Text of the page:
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What Do The Preschoolers Shut Out of Head Start Risk Missing Out On?

The budget cuts set into motion by the sequester will begin to affect the Head Start program this month, excluding nearly 60,000 low income children from the government-funded group's early education services.

It's more than a shame, especially since psychological and sociological studies have found that a preschool education continues to have benefits well beyond the toddler years. We've picked out a few of the most interesting side effects of a preschool education. Click on to learn the benefits.

The Unexpected Benefits of a Preschool Education

The budget cuts set into motion by the sequester will begin to affect the Head Start program this month, excluding nearly 60,000 low income children from the government-funded group's early education services.

It's more than a shame, especially since psychological and sociological studies have found that a preschool education continues to have benefits well beyond the toddler years. We've picked out a few of the most interesting side effects of a preschool education. Click on to learn the benefits.

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You're More Likely to Succeed At Every Level of Education

The benefits of a preschool education begin to show themselves as early as kindergarten, when children who attended preschool tend to do better on both math and reading assessments than those who did not. This advantage follows students through high school and even college. One longitudinal study of Chicago students found that 80 percent of the preschool group graduated high school, compared to 75 percent of the non-preschool students. A few years later, about 15 percent of preschool students had graduated from a four-year college, compared to just 11 percent of the others.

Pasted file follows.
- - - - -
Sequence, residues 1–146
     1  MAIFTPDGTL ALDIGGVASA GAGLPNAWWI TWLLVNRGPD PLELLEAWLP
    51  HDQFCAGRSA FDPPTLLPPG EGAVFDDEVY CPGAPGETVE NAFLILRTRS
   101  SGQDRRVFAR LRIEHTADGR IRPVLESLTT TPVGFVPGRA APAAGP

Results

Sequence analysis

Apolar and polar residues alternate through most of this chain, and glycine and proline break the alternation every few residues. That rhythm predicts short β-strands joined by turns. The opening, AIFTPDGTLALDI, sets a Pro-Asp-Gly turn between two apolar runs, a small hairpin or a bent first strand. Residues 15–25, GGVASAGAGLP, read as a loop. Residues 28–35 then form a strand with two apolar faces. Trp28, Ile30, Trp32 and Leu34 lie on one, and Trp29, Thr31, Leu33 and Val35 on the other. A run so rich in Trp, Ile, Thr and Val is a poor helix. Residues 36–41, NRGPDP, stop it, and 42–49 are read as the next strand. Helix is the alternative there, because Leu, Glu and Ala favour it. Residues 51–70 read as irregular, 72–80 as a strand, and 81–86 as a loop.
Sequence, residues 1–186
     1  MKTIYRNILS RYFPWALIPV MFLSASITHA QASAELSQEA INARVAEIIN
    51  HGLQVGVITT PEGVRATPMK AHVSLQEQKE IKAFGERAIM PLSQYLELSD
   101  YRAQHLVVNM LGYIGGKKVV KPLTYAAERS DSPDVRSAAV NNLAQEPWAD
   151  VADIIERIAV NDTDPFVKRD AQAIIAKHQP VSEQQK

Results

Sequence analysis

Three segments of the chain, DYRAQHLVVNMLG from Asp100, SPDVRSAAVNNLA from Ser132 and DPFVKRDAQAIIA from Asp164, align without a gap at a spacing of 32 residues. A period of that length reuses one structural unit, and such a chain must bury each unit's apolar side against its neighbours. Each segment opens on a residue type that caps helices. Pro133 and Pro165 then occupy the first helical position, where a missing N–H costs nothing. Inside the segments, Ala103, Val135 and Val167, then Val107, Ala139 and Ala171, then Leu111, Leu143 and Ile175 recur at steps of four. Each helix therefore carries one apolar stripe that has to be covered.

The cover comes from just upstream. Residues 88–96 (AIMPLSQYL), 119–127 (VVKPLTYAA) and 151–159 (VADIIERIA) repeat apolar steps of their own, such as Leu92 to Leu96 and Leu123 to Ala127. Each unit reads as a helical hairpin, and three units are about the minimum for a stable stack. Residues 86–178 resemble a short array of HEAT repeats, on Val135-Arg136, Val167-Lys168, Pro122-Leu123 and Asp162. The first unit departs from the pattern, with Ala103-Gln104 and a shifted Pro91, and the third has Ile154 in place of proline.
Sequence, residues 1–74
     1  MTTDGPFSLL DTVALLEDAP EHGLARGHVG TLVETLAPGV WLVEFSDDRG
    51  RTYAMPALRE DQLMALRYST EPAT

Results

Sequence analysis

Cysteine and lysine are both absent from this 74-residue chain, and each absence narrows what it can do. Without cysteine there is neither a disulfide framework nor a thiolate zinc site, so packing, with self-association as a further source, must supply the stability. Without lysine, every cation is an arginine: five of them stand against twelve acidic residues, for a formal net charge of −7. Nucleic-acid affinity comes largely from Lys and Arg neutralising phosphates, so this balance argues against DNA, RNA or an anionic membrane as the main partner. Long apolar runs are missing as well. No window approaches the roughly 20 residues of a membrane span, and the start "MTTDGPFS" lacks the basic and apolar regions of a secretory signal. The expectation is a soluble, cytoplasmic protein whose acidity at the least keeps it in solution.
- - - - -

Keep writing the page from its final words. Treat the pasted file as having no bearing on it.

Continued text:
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You're Less Likely To Get Arrested

The same Chicago study that showed success in education also revealed that 48 percent of the preschool group studied went on to be arrested in adulthood and 15 percent were incarcerated, compared to the 54 percent of the non-preschool group arrested and 21 percent incarcerated. (Either way, though, wow, that's a lot of people being arrested.)

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You'll earn more money

Though it's difficult to pin down exact dollar figures, education policy experts agree that people who attend preschool earn more income on average than those who did not. (If you have any doubts, see the results of the Perry Preschool Project and the Chicago Child-Parent Program.)

As a bonus, the parents of preschool children are also able to earn more money, given a relief from constant childcare. With greater lifetime earnings, of course, come greater tax revenues, which helps explain our next slide...

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You'll Contribute More To Society

No wonder over two-thirds of American voters support expanding funding to enable universal preschool. It's not just the kids themselves who have something to gain from going to preschool: it's the whole country.

According to the National Educational Policy Center, early education has been helped close the national achievement gap by nearly half. And a national investment in preschool, advocates claim, can produce an astoundingly high return-on-investment (like an $8 yield for every dollar spent high).

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